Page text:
Many people arrive in Japan from places where it simply does not get cold, and are unaware that they need to worry about things like frozen pipes. In most places in Japan, the temperature does not fall below freezing that often, and as a result the pipes have not been insulated as well as they could be. Often, the water pipes are located outside the house to allow easy access, compounding the problem.
Outdoor pipes located on the north side of the building will remain cold during the day. Piping that faces south, west, or east may defrost during the day on their own, but are still susceptible to freezing over night or during a cold spell. The best answer to this problem is to pay attention to the weather and take preventative steps to avoid freezing.
Preventing Frozen Pipes
When you notice the temperature will fall below 0ºC/ 32ºF, your best bet is to:
- Let the cold water drip from the faucet served by exposed pipes. Running water through the pipe – even at a trickle – helps prevent pipes from freezing because the temperature of the water running through it is above freezing.
- Leave the heat on in your home, set to a temperature no lower than 12 ºC/ 55ºF and keep airflow over the pipes (by opening cupboard doors, etc).
As Japanese homes are often built with exposed pipes, the first option is the best one. Inside heat will not warm outside pipes! If you do find yourself with frozen pipes, you may be able thaw them yourself.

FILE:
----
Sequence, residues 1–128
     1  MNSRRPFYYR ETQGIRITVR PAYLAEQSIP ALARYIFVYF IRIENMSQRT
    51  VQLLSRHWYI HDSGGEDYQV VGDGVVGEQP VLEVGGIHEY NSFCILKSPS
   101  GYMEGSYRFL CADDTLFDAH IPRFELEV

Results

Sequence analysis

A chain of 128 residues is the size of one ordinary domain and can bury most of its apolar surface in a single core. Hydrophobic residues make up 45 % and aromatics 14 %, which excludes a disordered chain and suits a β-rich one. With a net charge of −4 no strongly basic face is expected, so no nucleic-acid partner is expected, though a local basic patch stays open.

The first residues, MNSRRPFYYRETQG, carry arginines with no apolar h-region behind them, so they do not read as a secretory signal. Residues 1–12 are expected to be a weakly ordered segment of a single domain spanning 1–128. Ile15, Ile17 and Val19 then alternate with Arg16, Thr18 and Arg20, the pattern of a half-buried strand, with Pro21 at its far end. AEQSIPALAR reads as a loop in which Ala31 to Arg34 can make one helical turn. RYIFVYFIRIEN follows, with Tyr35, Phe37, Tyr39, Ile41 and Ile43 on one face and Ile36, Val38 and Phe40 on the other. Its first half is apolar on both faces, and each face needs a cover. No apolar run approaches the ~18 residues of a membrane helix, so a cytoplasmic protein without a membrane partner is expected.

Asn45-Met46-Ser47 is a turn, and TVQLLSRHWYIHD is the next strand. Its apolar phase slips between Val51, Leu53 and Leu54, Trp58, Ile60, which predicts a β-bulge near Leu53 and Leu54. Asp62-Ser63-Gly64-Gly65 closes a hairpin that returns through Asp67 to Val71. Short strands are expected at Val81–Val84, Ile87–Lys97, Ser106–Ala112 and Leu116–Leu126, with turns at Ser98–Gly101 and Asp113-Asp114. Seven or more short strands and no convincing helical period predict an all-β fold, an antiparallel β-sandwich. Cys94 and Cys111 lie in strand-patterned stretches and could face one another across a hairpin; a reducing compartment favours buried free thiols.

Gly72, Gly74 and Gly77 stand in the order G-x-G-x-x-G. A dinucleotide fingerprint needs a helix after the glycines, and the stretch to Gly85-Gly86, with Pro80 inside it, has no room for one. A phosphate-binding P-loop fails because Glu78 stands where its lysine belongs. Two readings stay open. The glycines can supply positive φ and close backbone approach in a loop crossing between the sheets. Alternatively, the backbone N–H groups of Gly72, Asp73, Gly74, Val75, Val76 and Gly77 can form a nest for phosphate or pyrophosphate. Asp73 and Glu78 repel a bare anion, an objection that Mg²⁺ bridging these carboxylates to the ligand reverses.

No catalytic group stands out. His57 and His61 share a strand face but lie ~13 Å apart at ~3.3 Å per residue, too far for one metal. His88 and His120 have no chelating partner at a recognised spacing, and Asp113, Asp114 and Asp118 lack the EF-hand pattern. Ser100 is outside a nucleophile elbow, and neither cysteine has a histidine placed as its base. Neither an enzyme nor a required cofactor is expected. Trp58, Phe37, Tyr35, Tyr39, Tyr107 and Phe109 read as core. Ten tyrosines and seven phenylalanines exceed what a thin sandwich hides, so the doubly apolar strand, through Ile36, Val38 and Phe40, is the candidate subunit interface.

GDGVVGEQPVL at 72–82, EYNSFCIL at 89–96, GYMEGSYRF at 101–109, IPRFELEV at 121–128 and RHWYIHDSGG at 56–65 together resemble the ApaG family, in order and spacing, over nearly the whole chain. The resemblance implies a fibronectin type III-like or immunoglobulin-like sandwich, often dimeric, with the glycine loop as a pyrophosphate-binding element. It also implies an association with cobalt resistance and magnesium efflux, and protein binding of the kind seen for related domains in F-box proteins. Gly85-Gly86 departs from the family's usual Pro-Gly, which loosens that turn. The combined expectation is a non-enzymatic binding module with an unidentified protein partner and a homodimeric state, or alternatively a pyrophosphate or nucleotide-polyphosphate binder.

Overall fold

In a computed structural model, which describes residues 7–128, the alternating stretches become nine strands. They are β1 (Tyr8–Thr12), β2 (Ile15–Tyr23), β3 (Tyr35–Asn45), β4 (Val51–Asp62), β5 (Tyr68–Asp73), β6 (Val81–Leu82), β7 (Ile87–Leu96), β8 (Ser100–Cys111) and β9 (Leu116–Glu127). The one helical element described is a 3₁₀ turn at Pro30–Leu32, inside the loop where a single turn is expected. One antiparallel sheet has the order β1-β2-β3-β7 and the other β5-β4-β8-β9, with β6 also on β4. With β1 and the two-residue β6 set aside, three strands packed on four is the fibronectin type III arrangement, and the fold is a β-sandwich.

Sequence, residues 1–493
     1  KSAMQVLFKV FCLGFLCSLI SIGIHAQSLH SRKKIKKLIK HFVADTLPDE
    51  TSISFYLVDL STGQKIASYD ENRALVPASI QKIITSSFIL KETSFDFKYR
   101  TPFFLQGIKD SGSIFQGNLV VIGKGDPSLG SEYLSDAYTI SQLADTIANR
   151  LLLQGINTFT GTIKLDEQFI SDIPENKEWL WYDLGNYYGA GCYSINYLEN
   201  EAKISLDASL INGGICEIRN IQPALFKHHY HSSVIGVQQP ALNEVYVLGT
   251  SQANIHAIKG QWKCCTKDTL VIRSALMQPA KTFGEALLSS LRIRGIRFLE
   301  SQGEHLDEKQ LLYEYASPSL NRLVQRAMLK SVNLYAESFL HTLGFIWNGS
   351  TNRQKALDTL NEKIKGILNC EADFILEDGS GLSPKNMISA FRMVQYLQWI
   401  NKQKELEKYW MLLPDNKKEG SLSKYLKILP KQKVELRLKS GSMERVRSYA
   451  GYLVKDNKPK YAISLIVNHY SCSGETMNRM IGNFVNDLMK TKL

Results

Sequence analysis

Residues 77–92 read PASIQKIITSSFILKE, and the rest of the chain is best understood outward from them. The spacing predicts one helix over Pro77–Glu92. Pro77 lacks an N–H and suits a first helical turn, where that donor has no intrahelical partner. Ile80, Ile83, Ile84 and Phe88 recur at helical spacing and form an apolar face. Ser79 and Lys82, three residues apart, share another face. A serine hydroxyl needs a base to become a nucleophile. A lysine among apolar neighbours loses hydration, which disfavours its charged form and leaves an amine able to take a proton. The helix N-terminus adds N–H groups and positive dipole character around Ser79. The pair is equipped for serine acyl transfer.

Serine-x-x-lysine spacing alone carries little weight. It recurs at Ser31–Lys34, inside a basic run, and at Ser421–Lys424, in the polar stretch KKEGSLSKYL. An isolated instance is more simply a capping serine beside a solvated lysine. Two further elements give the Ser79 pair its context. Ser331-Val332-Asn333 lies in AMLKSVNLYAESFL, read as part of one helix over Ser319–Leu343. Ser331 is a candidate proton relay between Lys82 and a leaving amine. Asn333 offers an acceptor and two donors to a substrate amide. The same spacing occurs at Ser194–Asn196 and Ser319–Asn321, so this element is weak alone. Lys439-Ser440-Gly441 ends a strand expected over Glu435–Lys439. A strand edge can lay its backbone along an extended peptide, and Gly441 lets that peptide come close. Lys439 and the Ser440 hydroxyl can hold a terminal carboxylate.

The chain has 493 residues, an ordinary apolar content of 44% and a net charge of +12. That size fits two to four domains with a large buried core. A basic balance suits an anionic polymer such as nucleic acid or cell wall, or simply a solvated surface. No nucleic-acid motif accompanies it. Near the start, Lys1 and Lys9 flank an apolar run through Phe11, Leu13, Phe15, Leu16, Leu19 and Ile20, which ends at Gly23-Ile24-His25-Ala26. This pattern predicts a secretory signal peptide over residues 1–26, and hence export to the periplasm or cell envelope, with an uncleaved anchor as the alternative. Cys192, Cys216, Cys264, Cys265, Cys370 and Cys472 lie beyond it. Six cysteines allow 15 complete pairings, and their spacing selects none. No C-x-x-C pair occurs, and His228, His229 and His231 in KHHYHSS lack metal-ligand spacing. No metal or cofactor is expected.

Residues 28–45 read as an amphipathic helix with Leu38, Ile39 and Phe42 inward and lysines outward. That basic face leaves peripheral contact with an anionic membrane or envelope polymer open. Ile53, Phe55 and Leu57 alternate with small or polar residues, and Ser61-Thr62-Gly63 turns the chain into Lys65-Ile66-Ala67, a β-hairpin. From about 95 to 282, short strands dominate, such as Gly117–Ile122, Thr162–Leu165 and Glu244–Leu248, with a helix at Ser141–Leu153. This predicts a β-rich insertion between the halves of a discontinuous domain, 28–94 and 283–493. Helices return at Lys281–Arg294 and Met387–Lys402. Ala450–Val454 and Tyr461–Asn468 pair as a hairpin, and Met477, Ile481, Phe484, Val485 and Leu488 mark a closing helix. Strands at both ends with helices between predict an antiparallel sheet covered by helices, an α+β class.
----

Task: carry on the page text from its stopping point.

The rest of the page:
Thawing Frozen Pipes
Thawing frozen pipes can be dangerous if done incorrectly. An open flame should be used ONLY by a qualified professional. If you are unable to thaw your pipes any other way, you should call a professional before using any type of flame device on your own. Besides the fire hazard, you could over-heat the pipe and cause a steam explosion.
Here are the steps you can take, safely, if you wake up some frigid winter morning to find a pipe has frozen.
- Open faucet so steam produced by your thawing activities will be able to escape.
- Start thawing pipe at the faucet, and work back toward other end of frozen section. As you melt the ice, water and steam will come out the open faucet. If you started in the middle, steam produced by melting ice could get trapped and build up enough pressure to burst the pipe. If the pipes are frozen solid, the order is a must. If your pipes are outside and were working yesterday (lightly frozen), you may want to reverse this order and start outside.
Pipe-thawing options: Here are a couple safe ways to thaw your home’s pipes.
- The most popular and safest pipe-thawing option is to use hot water. Wrap and secure a heavy towel around the pipe to concentrate and keep the heat against it. Using a bucket to catch runoff water pour hot or boiling water over the towel. Repeat as required.
- If you want to avoid the messiness of thawing with hot water you can try a heat lamp or hair dryer as heat source. These work much less quickly. NEVER use an open flame to melt a frozen pipe because it is extremely dangerous.